The North Platte semi-weekly tribune. (North Platte, Neb.) 1895-1922, January 15, 1895, Image 1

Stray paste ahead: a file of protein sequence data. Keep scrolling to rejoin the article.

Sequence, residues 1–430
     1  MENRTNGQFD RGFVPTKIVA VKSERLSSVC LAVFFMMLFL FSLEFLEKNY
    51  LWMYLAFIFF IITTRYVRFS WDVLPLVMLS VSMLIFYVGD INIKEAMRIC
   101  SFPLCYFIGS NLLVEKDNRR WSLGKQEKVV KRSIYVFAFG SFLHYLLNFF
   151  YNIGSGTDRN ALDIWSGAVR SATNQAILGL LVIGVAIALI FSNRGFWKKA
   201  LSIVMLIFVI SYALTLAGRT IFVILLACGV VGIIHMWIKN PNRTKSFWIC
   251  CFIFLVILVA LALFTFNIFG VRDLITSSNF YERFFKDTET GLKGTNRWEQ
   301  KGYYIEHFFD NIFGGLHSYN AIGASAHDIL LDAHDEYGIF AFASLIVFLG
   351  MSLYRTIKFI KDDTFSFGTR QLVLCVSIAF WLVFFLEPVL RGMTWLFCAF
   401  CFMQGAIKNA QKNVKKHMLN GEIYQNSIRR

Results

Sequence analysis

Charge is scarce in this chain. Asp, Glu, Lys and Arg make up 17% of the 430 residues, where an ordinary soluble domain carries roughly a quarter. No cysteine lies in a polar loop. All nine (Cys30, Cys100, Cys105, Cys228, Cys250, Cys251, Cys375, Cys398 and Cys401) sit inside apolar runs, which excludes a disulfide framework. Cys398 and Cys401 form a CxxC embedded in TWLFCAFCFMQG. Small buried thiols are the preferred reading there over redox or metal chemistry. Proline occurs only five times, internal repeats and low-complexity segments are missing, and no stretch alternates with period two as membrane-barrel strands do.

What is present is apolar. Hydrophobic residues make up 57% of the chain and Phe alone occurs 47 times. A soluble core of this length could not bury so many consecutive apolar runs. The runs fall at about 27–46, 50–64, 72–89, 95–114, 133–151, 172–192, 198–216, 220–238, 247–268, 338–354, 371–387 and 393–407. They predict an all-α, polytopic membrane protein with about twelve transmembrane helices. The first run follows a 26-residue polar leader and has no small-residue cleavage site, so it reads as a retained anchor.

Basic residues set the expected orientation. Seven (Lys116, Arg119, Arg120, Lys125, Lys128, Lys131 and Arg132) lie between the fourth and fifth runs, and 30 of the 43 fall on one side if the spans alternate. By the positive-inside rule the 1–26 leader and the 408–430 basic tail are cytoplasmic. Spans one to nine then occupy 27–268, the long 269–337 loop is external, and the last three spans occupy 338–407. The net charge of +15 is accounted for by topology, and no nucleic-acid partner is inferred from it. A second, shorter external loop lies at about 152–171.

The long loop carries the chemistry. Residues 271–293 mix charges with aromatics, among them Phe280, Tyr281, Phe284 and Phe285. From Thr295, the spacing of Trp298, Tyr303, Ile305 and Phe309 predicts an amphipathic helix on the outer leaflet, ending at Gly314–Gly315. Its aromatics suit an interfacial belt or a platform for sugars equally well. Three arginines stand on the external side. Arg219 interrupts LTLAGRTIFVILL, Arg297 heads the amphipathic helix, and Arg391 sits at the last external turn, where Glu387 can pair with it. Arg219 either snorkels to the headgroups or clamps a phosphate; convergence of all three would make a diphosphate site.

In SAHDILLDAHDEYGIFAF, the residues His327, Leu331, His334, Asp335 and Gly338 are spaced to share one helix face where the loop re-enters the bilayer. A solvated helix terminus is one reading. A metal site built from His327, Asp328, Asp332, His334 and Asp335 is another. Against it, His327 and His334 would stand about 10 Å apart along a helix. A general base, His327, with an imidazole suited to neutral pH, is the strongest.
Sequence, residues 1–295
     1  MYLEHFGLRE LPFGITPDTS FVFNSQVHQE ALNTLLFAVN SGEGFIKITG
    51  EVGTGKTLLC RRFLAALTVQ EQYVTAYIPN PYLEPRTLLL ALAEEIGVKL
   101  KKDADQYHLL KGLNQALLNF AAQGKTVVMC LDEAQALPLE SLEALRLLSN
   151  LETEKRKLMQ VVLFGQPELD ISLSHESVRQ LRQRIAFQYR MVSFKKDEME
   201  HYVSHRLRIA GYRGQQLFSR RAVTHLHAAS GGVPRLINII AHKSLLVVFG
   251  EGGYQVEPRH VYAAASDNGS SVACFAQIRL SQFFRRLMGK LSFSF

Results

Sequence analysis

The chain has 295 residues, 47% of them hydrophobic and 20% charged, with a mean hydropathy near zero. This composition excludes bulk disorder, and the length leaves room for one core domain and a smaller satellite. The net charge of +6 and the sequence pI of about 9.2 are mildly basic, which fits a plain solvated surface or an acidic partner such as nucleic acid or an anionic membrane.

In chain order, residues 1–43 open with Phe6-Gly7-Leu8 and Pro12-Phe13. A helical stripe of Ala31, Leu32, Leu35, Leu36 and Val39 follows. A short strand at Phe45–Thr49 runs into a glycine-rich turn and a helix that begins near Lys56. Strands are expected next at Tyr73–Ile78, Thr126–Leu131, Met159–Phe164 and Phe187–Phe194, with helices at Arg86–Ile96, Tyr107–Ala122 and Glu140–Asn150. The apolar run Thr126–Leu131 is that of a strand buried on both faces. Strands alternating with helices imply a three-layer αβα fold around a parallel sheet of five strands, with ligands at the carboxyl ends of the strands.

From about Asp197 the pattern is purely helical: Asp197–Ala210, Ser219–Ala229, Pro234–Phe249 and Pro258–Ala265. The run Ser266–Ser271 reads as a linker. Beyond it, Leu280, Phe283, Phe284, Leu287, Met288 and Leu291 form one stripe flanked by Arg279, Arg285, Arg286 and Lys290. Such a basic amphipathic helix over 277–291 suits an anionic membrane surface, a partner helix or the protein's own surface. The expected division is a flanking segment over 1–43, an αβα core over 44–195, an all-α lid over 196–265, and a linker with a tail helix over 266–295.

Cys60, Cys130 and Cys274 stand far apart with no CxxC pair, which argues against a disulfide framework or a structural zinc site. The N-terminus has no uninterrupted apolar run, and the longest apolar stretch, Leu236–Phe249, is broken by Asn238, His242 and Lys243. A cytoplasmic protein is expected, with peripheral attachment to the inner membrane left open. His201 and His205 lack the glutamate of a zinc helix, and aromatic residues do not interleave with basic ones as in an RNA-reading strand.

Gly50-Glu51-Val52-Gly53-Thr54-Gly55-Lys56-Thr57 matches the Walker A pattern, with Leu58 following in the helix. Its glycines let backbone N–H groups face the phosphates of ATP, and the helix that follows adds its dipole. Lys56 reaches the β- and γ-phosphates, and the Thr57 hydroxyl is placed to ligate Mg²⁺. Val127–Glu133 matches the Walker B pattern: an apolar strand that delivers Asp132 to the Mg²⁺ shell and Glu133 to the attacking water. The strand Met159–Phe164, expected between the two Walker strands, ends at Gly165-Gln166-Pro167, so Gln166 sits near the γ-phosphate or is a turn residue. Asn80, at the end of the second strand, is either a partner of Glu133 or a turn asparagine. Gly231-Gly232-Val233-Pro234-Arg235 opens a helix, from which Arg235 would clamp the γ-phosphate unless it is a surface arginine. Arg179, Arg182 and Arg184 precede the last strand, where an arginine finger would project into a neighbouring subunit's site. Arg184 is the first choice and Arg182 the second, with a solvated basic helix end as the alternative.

, S6 ht Jlm-th illatte VOL. XI. NORTH PfcATTE, NEBRASKA, TUESDA7 EVENING, JANUARY 15, 1895. NO. 4. JANUARY CLEARANCE SALE!! BKRGHINS UNLIMITED! BOSTONTORE. Come everybody and for once in your life .see what it means. Everything- goes at Rock Bottom Prices. Read Our Price List! DRY COODSr ' To close out 10 dozen regular sizes, T . , . . . . , . , , 1 all woo! cninel hair, fino as silk, former vl? T ' ' price 8123 I,er an"ent' at lhis saI for prints at . cents per arcl. . centg per garment. County Correspondence. Tiio vory best Amoskeng ginghams at ." cents per yard. Shirtings at 8 cents per yard. The very best Ticking, warranted to hold feathers, at cents per yard. Ladies white and gray merino uuder wear going at '.Y3 cents per garment. French Sateen--, former priced for this sale at IS cents. cents, American Sateens at 1'21., cents a yard All wool French Serge, in all colors, lG-inches wide, former price,?! and $1.2.1 now so'd at .I-1., cents per yard. Varus in all colors at cents per lb. We have about 10 Children's cloaks left, running iu sizes from 1 to 12, not a garmenf of the lot worth less than 81 to !. Your choico of this lot at $2.2,1. To close out a line of blankets at 30 cents on the dollar. To cioso out A few shawls at. 10 cents on the dollar. To closo out All our knit goods at 50 cents on tho dollar. We have just received a beautiful line of ladies' white muslin underwear which will be sold dirt cheap. To close out All our Men's. Boy's and . . . , i fM.ililfiitiV nt'iiriinntc ?il fiO iantc Mn ihp price sl to L-.). lor usis saie t 1 '.. cents "ui v.v.i.io .. w '. . ' dollar. Three fourths wool Henrietta, in all color?, former price 10 cents, at this sale 2.1 cent.--. All wool Ladies cloth, :5(I-in wide, for mer pric r0 cents, for this sale 32 cts. -Jf-in all wool Ladies" cloih, former price 7.1 cents, at this sale for 471.. cents. Frederick Arnold's silk finish Henri etta lO-inches wide, in all colors, former SHOE DEP T. Our stock of Shoes is of the very best UNDERWEAR. makos handled by western merchants. , , . , Our spring lino of shoes will son arrive, To closo-1.) dozen regular sizes ladies siml . mll, ,..,. . ,. m, Bi!0iviss. l-rencli nuueti an wool suus, lorraer . Beforo ,JU e,BOwliero price ?1.2o per garment, at this salo at ine our stock and prices. 77J.' cents per garment. s come and esam- SUTHEHLAND NEWS. Alex Neilson and David Hunter were county seat visitors on Wednesday. Willis Record, of Ogalalla was on our streets Thursday. Mrs Danielson is on the sick list this week. L. C. Applegate is spending- a few weeks with her parents south of town but will return to the irri gated section soon. Win. M. Holtry was in North Piatte on business Wednesday, Dudlev Miller, a brother-in-law of P. C. Meyer, has moved hto the Abshire house lately vacated by Mrs. Doll. Win. lvrwin lias gone to Illinois and several parties are mourning his departure. The annual meeting of the Sutherland & Paxton Land and Irrigation Company was held on Monday at the Bank of Sutherland. J. H. Abshire was thrown from his horse at the ranchon Thursday morning and badly shaken up. Dr. McCabe was sent for at once. Just how badly hurt Mr. Abshire is can not be learned at present but his main' friends trust that it will not be serious. J. S. Hinkley opened school on Monday after the holiday vacation and the children seem glad to be in - school again. Mrs. Hostetter is spending the week with Mrs. Ncilson. J. P. Gibbous & Co. of Kearney looking after his business interests have an agent in the locality look- in this count)-. Gandy Pioneer. judges decided iu favor of the nega tive. The program was a long one. and very entertaining, mid the room was fairly crowded with people. The most amusing part of the exer cises was the original poem entitled The Yellow Dog," written by Geo. Clark, and after being4read it the beginning of the meeting, by re quest was re-read just before the meeting closed. Miss Dolan's essay on "Tobacco Smoking" was very instructive, while an original., poem by Miss Auna Snyder entitled "The Maxwell Picnic Party" won the ap plause of all present. Xext Satur day evening a change will be made in the program, and instead of a debate there will be a "mock trial" in which the literary brings charges against G. Clark for mistreatment of "the yellow dog.'' A good time is being anticipated by all, and a large attendance is expected. Clytie. There is talk that the people.of Lincoln county ma- send Rev. J. H. Derryberry to Oregon and Wash ington to solicit supplies for the drouth sufferers of Lincoln count)-. He may also make an arrangement to solicit for this county. Such a proposition has been made to the board of county commissioners, but until it is known whether he can secure transportation for himself and any supplies he may receive, no action will be taken. Gandy Pioneer. E. W. Murphy, of North Platte, spent Wednesday and Thursday W'E PAY CASH 100 CF.NTS OX THE DOLLAR AND SELL CHEAPER THAN ANY HOUSE IN THE CITY. KEMIE'S SLAUGHTER SALE -1895. THE NEW TARIFF On All Imported Woolen Goods and Silks IS IN OPERATION JANUARY 1ST. We must close out our stock of nice fine goods and make room for our new stock under the new tariff regulations. : : : $1.75 Silk Henrietta at SI. 10: SL50 Silk Henrietta at 85 cts.; $1.00 Henrietta at 65 cts.; SI. 25 Bedford Cords at S5 cents; SI. 25 French Serges at 85 cts.: $1.00 French Serges at (5 cts.: all wool II yd. wide $1.25 Broad Cloth at 75 cts.; 65 ct Flannels. 46 in. wide at 50 cts. : : : In our Shoe department we offer the choicest line in the west, C. D. and E. widths, in line new goods. : : : Call and see for yourself the Wonderful Bargains at Rennie's for January and February in 1895. : . ; Amoskeag Ginghams at 5 cts. per yard, Lawrence LL Muslin at 4 cts. per yard, Lonsdale Muslin at 6 cts. per yard, at -RICNNIE'S. in'"- un hav of which article thev are This sale will commence Saturday J airy 12th, and i buying considerable. I Laughable Incidents. continue the remainder of the month. Yours for Great Bargains. TH8 BOSTON STOF6, j A. M. Cross of Omaha is visiting with Mr. Hunter and family this : week. j J. Harvey shipped a car of baled hay to Elm Creek the first of the ZTnTO. 3496. pirst fvTaitional Ban NOKTH PLATTE, NEB. Mrs. Wells is visiting" with her sister Mrs W. W. Jones. The pay car and Uncle Sam's pen sion checks are due at the same I time this mouth and several hearts ' We see some '-thing's every day that makes us smile, but one of the most absurd things is the custom used by some of marking goodsj at a great deal more than their value to give the customer the impression when they buy them at less than marked price that they are getting i nargain. ten into Kicuards Capital, -Surplus, $50,000.00. 822,500.00 i .... . . i Urns stiirt riiwl mnlr nrnittiri nml in tins vicinity will be made glad. ; r Rev. T. II. Thurbcr is filling '. the Pris on their go(Kls: compare Presiding Elder Leonard's appoint-i the styles and prices with some ments while Mr. Leonard is east styles and prices at other stores- looking up donations for the church I note the difference. Remembe people that are needy. Mr. T.. is poor shoes can have no style. Lo in Sidney this week. tnf mir tA ... E. M. F. LEFLANG, Pres't., ARTHUR McNAMARA, Cashier. P. C. Meyer expects to send two of his children to school in Suther- i j iand during the remainder of the ! j term. A. W. Hoatson and C. W. Bttrk- large button, congress. i and novel ties in all kinds of shoes. They have the style that goods of much less value are beinjr sold for at other A General Banking Business Transacted.! m. job,. j land each shipped a car of baled l)iau-- j hay to Kearney the latter part of An After Election Thought. i this week. -taying m 1 mi ity Mar. 'I 4 X Don't pay other people's debts. DAVIS Is the ONLY Hardware Man in North Platte that NO ONE OWES. You will always find my price right. Yours for Business, A. L. DAY IS. DEALER IX rn:. Still Selling ii i aware, iinware, i Sporting Goods, Etc. Stoves Franzeu is with Mrs. Danielson durni"- the ; sickness of the latter. ! A. B. Yates took in the sights at t i Xorth Platte on Thursday. The Sutherland Cemetery associ ation was formed last Saturday W. M. Holtry, Alex Xeilson C. B McKinstrv. Z. J. Hostetter and W. C. Blackmorc were elected trustees and C. B. McKinstrv as clerk. Several tracts of land are being looked over and a location well be selected in the near future. Z. J. Hostetter spent Thursday down in the ditch country. Considerable inquiry is being made in regard to the recently laid out 5 acre lots west of .town, and they are all likely to be sold and several buildings erected before many months roll by. The line weather this week has Dishonest advertising" is consid ered allowable by. some people, but when Richards Bros., of the Fair, advertise to sell their goods at a reduction or at cost, they mean business, and will sell just as they advertise, and to one and all alike. Remember they are not old shelf worn goods and odds and ends and all-out-of-date goods, but they com mence at the front of the store and from there to the back end the customers have their choice and all at reduced prices as advertised. Our cut price sale commences on the 10th of this month and holds until the 25th. You can't do better than to buy your goods during this sale. A (ood Law in France. SHARPS AND FLATS. 11V ADAM . During the past year our distin guished townsman, Col. I. A. Fort, has made a great many speeches on irrigation. His talk has awakened marked interest in the subject, and to-day western Nebraska is on a wave of prosperity that will prob ably make somebody seasick. The secret of Col. Fort's success lies in his earnest way of telling the plain, unfrilled truth. Grown men have been seen shedding tears of joy as he told in simple, touching words the story of happy homes and bountiful harvests that arc the "inevitable consequence of irriga tion, and little children have looked with hungry eyes as he has spoken of his last year's crop of vegetable, oysters and pumpkin pies. He never exaggerates. Exaggeration is unnecessary and Col. Fort knows it as well as any man. The plain narrative of the prosperity of Lin coln county farmers who irrigate is enough, and so he tells the tale to ttle barbarians outside the pale of Lincoln county civilization in a pleasant, unassuming way that is remarkably convincing. A few re marks taken at random from one of his speeches will indicate his happy and effective style. Out in Keith county the other day he said: "My friends, back in my county we have irrigated for nearly two hundred years, and to-day we are reaping the benefit. On my home ranch I can raise anything. My cranberry patch joins my wheat held on the north, and on almost any day, ex cepting a few of the coldest days in winter. I can walk between the two and pick some of the finest cran- t . 1 A I oerry pies you ever saw. vuu tne hot rolls that I gather before each meal from the center of my wheat field fairly melt in one's mouth. Last year I planted some disreput- KESOLUTIONS ' KKSPKCT. Wjikkcas, It has pleased the Great Commander to summon from our midst our well beloved Comrade A. II. Church: lie it resolved by Stehcn A. Douclas IRRIGATION NOTES. Farmers who can irrigate their farms next year should not fail to show five nr tiMi acris nf :ilf:i1f:i. It is one of the most profitable crops I l ost Uopartment of Nebraska, Grand . . ... Army of tbe Ropubhe: there is. It requires no cultivation, That it b w,th Krief nnd Eorrmv VO is peculiarly adapted to our soil, bow to tho decree of an All Wise Being and three and four crops can be cut Vlof tb,KU tj,inBS we"v, , , , j -That in tho decease of Comrade aud in a season after the first year. It jPast Commander Charch, Stephen A. fertilizes the soil, the roots will go Douglas Post and tho Grand Army of thirty or forty feet for moisture and . - ioal and loving comrade and this com- when firmly rooted drought or flood munity loses u public spirited citizen cannot kill it, hail does not effect lU(l nn over kiml aiul Keuerous neih it, winters have no influence on it, Tliat to the bereavetl wMoiv !in(1 fam. audit is a constant and eternal j ily of our departed Comrade, who havo money-maker for its owner. It sel- lMt ;" lov-ing husband and indul--... . , ent father, wo tender tho heartfelt lovo dom brings less than per ton and j and sympathy of overy comrado of this ten tons ter acre is the averatre t Post. a tin The seed is also a valuable ' always bringing a goodjround That the charter and Hag of this Post ho appropriately drapped in mourn ing for thirty days as a token of respect for our deceased Comrado. That these resolutionB bo placed upon tho minutes of the Post, and a conv yield crop. sum in the market. Of all the for age crops tinder the sun none lends farm so thoroughly as does alfalfa. ented ,to th )Vd;,tt" of, "r parted T. - Comrade, and that tho following tele- Begmning with the yield of eight grain from Comrado J. W. Bixler bo to ten and more tons per acre nn- made a part of these resolutions: "Wo dor nrnnor .M.IHvntlnn ?f Jc M,MK- m0.Urn With JOU the loss of an Upright r'j -judge, a gallant sokhor, a truo citizen 1 . 1 1 t ' I t 1 , 1Y- , I . . ...... I narvesiea.curea witnour aimcuity in in the arid climate and requires no housing" because there is but little rain to harm it. But it is in its all around feeding quantities that its greatest value lies. As a feed for horses it is not superior, but thrive and grow fat u subiected to hard ration of grain completes.-.th.e. dairy cows the a. gc:ier- so-cKi si best of feeds, dL mv belieifetha winter, either as a putv 3 merit j WPi c. r it.. i 4 flK!f. 1 3r 1 .... -M: & rat. udo.- lUilt lH" rreeenWh, lvedjF and friend; grand little Church, my old psrtner. 4 Thos. C. Patterson, Wiluam P. Coov, James M. Ray, J. E. Evans, W. C. Eldkr, J. S. HoAGIi.Nb, i John W. Bixlek, Committee. ions adopted by E V. Sumner O. A. jrw, Sidney, Nebr., fa. I A I A 1. 1 is. fattened upon it in the coldest win ter of the arid region without any other feed and a very low cost per pound of meat. An alfalfa swine pasture is all the porker needs from little pighood up to the last four months of his life, when a little ad dition quickly fits him for the bar rel. For a small flock of high grade able looking beans that were sent ' sheep nothing will make fatter or me by Secretary Morton from Wash- , heavier mutton than an alfalla pas- ington. They were beans that turc in summer, and free feeding would not grow anywhere they had from the stack in winter, been planted, and the Secretary de sired me to test them in order to . IS be- We lieve that the ten acre farmer will . find profit on a few alfalfa fed sheep of high grade, after the custom of the English farmer. As a poultry food, however, alfalfa is most sur- care, prising, and if the small farmer grease thinks he cannot afford to raise e Commaader- of all ar- of both the quick and called to the eternal and our Past Department aer Alonzo H. Church. iived, That this Poet extend to widow and children their heartfelt sympathy in this hour of their great sorrow' and loss; that we assure them that we have respected him as a man, bonortd him as a judge, esteemed him as department commander, but most of all that we hav loved him best as "Lon Caurch,'' ono of the boys in blue, our commde in arms, a hero on tho bat tle field and a martyr to tho cause of freedom at Andorsonville, and our es teemed friend. P. C. Dick, A. A. Rick'ki:, G. P. Binciiakd, Committee. SEW rUIUJCATIOX. In France when a merchant ad-j j greatly helped the ditch work, and vertises to sell at cost or less, the the ditches in this section are mak ing rapid strides toward comple tion. i Citizen. authorities investigate it and if. ! they don't do as they advertise they i are sentenced to imprisonment. We1 ascertain whether they really were beans, or only a new style of purg ative pills. They were beans. I planted them with unusual mulching" them with axle aud salt and a little sugar from grain in his alfalfa field he has an Oxnard's Grand Island refinery, jail the year around food for his In four days they were up and in a , poultry, for the dry alfalfa hay week afterward I gathered six jars ( softened up with warm water in of the most luscious Boston-baked winter, becomes just as palatable beans I ever tasted. I sent five jars and useful to the fowl as if it were to the Secretary and received the pecked from the open field. from him shortly conclusion is that the small irri A Medical Work of Practical Family Valuo Specific Manual by Fred- " erick Humphreys, M. D. following letter Maxwell Notes- Mrs. P. Shields and Mrs. R. C. Burke, of Brady Island were visit ing friends here last week. The Maxwellites under the super vision of Mr. Moore are becoming nightingales as fast as possible. Dr. N. McOABE, Prop. J. E. BUSH, Manager. NORTH PLATTE PHARMACY, NOKTH PLATTE, NEBKASKA.' WE AIM TO HANDLE THE BEST G-BADE OF GOODS, SELL THEM AT REASONABLE PRICES, AND WARRANT EVERYTHING- AS REPRESENTED. Orders from the country and along the line of the Union j11" for llc Pt week, owing to v j the non-arrival of a car of lumber Pacific Railway Solicited. : which was daily expected. It has j not yet arrived, but word has been received that it will be here in a few days. lpn wish there was such a law in this country so that our stock would be j investigated. Richard Bros., of the Fair, have 3.500 pairs of ladies' : gent's and children's shoes good reliable shoes, such makes as Ham- ', ilton Brown. Kellev's. Carlisle's and Joe McGue. who has just finished B Momesthat ' thcV win sell at a term of school on the Island, left1 , . , .,-,,, i --n r , , , . , cost between the 10th and -3th of last Sunday morning to visit his old , , , , home in Iowa. January-not odd sizes and broken Misses May Dolan. Salina Hol-llots' but whole lines of shoes that ,-,i "Tnri- a iTrit-ni,., nB,i:we have too many of the samel Messrs. Will Dolan and Joe McGue, of Maxwell, attended the teachers' meeting in Brady Island last week. Dear Friend: Your consign- gated farm with an alfalfa field may show as great a diversity in the animal product as in the vege tation line. O'Xeil Frontier. Amos Meeker, of Blue Creek. afterward: 'My ment received and contents noted. The president was interviewed by four and one-half jars and has re- ceiveci great uenent tnereirom. visited our town Monday. He says Since then he has written his an- the people of his vicinity are not nual address, a treatise on Boston , feeling the effects of the hard times etiquette and seventy-five vetoes of very seriously. Their stock never bills that did not meet his approval, looked better. The people have The beans met his approval, of been irrigating some in the past ' houses of tho world, tho Doctor never This revision of a work which has i been before the public for over forty years, anu wuicu nas annual circulation of over three million copies, in five dif ferent languages, is a somewhat re markable one. Its venerable author, in his 80th year, here gives tho result of a half century of professional experience, and of over forty years of constant per fecting of his now famous Homeopathic Specifics. It may bo considered as his valedictosy to an immense aggregation of patients in all parts of tho world. As a guide to those who use his wide- The ly known specifics, this Specific Manual oi iou pages, is aumirauiy systemizeu for the needs of the Bick room. Its grouping of symptoms, under tho head if tho several specifics of tho series, will greatly assist tho anxious enquirer, in tho stress of sudden emergency, to se lect the appropriate remedy; while brief but careful descriptions of various forms of diseHSP, and valuable hintB as to diet, and other related matters, givo tho work a permanent valuo for family use. Wo especially notice tho unmistaka ble professional tone which pervades every page of tho pamphlet, from title to colophon. Prepared as it is, in tho interests of one of tho largest medicine course, as they did mine. Send on and now have thirty miles of some more and I will see that you ditches under way of construction, receive another paper of seed next j Blue Creek will some day be a gar- quality and price. Rip Van Winkle. The bridge has been at a '-stand Who has not read the story of Rip Van Winkle and his ten years' sleep? But some people lead almost that kind of a life to-day: always buying their goo-ls at one place and never thinking of looking around to year, lours beanevolently. J. Stearling Morton.' "My friends. I could tell you of other products of my farm illustra tive of the value of irrigation, and I will later on in my talk. But now den sjKt. Keith County News. Messrs Allen and McEntyrc. re presentatives of the Cozad Irriga tion Company were in the city Wednesday, securing right of way along the line of their ditch. Thev I want to say something of the gen-j daim that they will be ready to' FINEST SAMPLE E00M IN NORTH PLATTE Havinc refitted our rooms in the finest of style, the public is invited to call and see us, insuring courteous treatment. ( Finest Wines, Liquors and Cigars at the Bar. Our billiard hall is supplied with the best make of tables aud competent attendants will supply all your wants. KEITH'S BLOCK, OPPOSITE THE UNION PACIFIC DEPOT! At the last meeting of the literary j see if they can bi bought cheaper at society the following question was I sonl? ier PlaC.f ww . . . , 0 , , .,, men s all-wool suits at So. 00. Miere debated. -Resolved that a man will Lt any other place in this western gam more knowledge from traveling country can you buy a suit of that and observation, than he will from I kind for that money. Richards reading and meditation." Mr. Moore was the leader on the affirmative, and Arthur Plumer on the negative. At the close of the debate the three : cipals. Bros, of The Fair, do not ask rob ber prices for a suit because it is of the style.,!? dm most, and of good value." Thev deal on business prin- eral prosperity of my neighbors who irrigate. Before we irrigated we were always hungry and naked. To-day we eat four meals every day and a lunch before retiring, and our clothes are made in the latest style with a crease ironed on the pants leg before and behind to keep them from bagging at the knee, etc " But enough has been written to show that Col. Fort as president of the State Irrigation Association, is the right man in the right place. Let the good work progress. forgets his professional responsibility for the "issues of life and death in volved in his specifics. His utterances are plain, wise, helpful, conservative: fully up to tho latest medical and scion titrc standards, and his discussion of disease free from any traco of indelicacy: every page reflects tho sincerity and benignty of the face which looks out from tho title-cover of the pamphlet. A copy will bo sent postpaid on re- queBt. Address: Humphreys Medicine Co , William & John ?ts., New York. HOW'S THIS! Wo oiler Ono Hundred Dollars Re ward for any case of Catarrh that can not be cured by Hall's Catarrh Cure. J. F. Chesky & Co., Props., Toledo, O. We the undersigned, have known F. J. Cheney for tho last 13 yoars, and be lieve him perfectly honorable in all business transactions and financially start in a short time and that it will be pushed toward completion as fast as possible. They inform us that they expect to commence work on it next week. Gothenburg Independent. The Burwell irrigation ditch is to be completed by the middle of May able to carry out any obligation made and water given to the farmers on by their firm June the first. About 20 per cent of the dirt work is completed. It is fourteen miles long and eighteen feet wide on the bottom at the head and five feet deep and will irrigate 15,000 acres of as rich land as can be found in the state. West it Truax, Wholesalo Druggists, Toledo, O. Walding, Kinnan & Marvin, Wholesalo Druggists, Toledo, Ohio. Hall's Catarrh Cure is taken internally acting directly upon the blood and mucous surfaces of tbo system. 3Jrico T.kj. per bottle. Sold by all Druggists. Testimonials free.